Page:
From where I stand, 2015 is going to be a big year.
Sure, I can tell you about wearables reaching a new level of maturity. Likely not Google Glass in its current form, but the next wave of devices that include not only the Oculus (developed by a former journalism major) but also Samsung and others that convert smartphones into full immersion, mobile devices. Mainstream wearables will likely stay on your wrist, at least while out in public. But their user interfaces (hands free, constant listening, always collecting data, etc.) will be baked into all our current and future devices.
Or I can tell you about the type of content that is going to be produced on and for these new devices, including virtual reality and augmented reality. Two words: Magic Leap. This mystery company has gotten attention from Google and others in the form of millions of investment dollars. Cinematic VR — created through high-end cameras or strung-together GoPros — is going to be a new, completely different form of video storytelling. Point-and-shoot 3D modeling is coming fast too, eventually making Unity 3D the latest edition to a newsroom’s growing toolkit.
I can also tell you about the social media platforms that will continue to pop up with a mobile-first focus. While most are likely to disappear just as quickly, there will be a handful that stick around and grow. They’ll likely be centered around anonymous broadcasting, unknown masses easily creating more bite-size, disposal content. (For example, keep an eye on Yik Yak. Users have already begun to break news there faster than Twitter. If you’re near a college campus, check out how wildly adopted it already is…but also prepare yourself for the raw realness that gets posted.) Do yourself a favor and read this Medium piece from Kik’s CEO, who lays out the mobile future, all happening outside of Silicon Valley.
Maybe I can tell you about how diverse communities — gender, people of color, and age — will shift into content creator/driver/leadership roles because they feel empowered (or frustrated) enough to stop waiting for traditional outlets to reflect them. In fact, finally, this year organizations will realize the future is with those groups. (Okay, that one is more of a hope.)
But the truth is, my prediction is all these things finally coming together. (Note: I didn’t say “convergence.”) For me, 2015 is the year technology empowers content — whether creation or consumption. It’s not the year of technology — it’s the year of the content made on the technology. Meaning tools for creating apps, VR, AR, etc. are moving from developers to content creators. Think of the moment when blogs empowered non-coders to create new content on the web.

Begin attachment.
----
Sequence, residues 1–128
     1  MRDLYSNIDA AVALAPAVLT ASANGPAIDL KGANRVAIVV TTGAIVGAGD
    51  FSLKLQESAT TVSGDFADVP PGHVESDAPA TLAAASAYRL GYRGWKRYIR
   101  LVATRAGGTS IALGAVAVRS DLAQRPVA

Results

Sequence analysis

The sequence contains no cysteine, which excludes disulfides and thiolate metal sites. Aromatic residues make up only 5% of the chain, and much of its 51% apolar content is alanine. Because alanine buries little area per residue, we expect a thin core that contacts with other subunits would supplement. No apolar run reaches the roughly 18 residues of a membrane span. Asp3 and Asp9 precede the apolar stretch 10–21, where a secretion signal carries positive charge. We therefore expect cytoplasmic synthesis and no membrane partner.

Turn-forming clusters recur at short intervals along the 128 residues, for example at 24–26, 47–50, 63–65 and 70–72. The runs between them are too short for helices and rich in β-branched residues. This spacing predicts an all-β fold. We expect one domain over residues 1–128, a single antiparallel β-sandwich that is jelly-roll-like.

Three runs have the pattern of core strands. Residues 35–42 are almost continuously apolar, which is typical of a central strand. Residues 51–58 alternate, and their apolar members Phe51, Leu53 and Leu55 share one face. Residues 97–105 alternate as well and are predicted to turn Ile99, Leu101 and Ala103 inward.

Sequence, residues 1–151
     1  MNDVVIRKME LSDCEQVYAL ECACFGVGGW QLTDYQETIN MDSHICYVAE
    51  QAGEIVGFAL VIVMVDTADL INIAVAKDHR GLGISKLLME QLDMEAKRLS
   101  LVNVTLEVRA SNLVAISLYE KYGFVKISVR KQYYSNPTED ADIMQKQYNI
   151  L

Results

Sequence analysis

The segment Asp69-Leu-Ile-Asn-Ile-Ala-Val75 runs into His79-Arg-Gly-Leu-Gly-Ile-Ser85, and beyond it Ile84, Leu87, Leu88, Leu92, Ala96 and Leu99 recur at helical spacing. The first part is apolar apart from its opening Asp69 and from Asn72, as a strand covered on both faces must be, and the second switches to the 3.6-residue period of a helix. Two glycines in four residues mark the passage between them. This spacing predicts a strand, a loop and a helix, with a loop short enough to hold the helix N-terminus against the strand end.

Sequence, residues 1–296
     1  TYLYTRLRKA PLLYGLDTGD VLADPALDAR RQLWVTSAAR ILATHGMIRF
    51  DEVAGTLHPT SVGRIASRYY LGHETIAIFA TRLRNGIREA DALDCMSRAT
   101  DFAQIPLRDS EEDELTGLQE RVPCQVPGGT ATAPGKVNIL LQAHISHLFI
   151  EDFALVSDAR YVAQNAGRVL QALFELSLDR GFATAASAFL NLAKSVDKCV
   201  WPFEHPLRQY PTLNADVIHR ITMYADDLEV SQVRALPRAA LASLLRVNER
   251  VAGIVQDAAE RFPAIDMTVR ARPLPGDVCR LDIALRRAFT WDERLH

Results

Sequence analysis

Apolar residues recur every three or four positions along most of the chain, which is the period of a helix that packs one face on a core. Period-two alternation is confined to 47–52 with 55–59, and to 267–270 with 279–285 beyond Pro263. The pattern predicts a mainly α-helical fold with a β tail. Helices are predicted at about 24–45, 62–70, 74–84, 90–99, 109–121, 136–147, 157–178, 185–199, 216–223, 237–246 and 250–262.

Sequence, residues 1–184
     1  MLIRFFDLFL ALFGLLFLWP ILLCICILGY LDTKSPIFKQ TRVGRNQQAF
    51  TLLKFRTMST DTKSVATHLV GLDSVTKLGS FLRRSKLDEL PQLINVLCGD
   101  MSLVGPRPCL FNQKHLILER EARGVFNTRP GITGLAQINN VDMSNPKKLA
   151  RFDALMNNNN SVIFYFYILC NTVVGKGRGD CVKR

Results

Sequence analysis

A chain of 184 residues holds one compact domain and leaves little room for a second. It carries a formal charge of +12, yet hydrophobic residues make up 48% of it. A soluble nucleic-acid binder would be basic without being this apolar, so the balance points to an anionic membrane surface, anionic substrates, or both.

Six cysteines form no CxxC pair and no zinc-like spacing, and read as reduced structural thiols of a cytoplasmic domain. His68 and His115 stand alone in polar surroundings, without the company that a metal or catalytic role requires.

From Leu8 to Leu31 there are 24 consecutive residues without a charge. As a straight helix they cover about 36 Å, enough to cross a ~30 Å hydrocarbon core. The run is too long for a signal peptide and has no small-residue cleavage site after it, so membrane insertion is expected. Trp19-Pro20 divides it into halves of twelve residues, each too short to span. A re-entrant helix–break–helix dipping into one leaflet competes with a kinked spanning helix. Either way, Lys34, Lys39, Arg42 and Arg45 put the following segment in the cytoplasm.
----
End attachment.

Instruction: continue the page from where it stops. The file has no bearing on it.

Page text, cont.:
Yes, we’ll continue to develop and get new technologies, but 2015 is the year when content creators will learn that shovelware is a dead end and gimmicky content for pageviews is pointless. They will mature by embracing the true nature of these platforms. It’s not the technology, it’s the content.
This is something I see here in the City of Angels. All those “big things” I listed above are happening — and likely centered — in Los Angeles. This town is the content capital of the world. You know it for films and TV, as well as video games. But did you know it is also the place for viral web videos? YouTube, Vine, Instagram, etc. “stars” appear to be coming from here. Creative content people are frustrated with the industry and creating their content on their own terms. Sound familiar?
You’ve heard podcasts are big right now? This town has been doing it for years and it doesn’t sound like radio. Kevin Smith, Marc Maron, Chris Hardwick, Felicia Day and countless others have been creating podcasts for and of the web for years and years, gathering a following of millions. (Check out Kevin Smith talking about the creation and development process for his most recent film Tusk in this Nerdist interview.)
While Yik Yak is in Atlanta and Kik Messenger is in Waterloo, Ontario, Los Angeles is home to Snapchat, Tinder, and Whisper…truly mobile apps that have influenced the tech industries. It’s also home to Oculus (VR leaders) and Qualcomm (AR leaders).
The game has changed. As well as who is playing and creating the game. Let’s hope journalism is ready it.
Robert Hernandez is an assistant professor of professional practice at the Annenberg School for Communication and Journalism at the University of Southern California.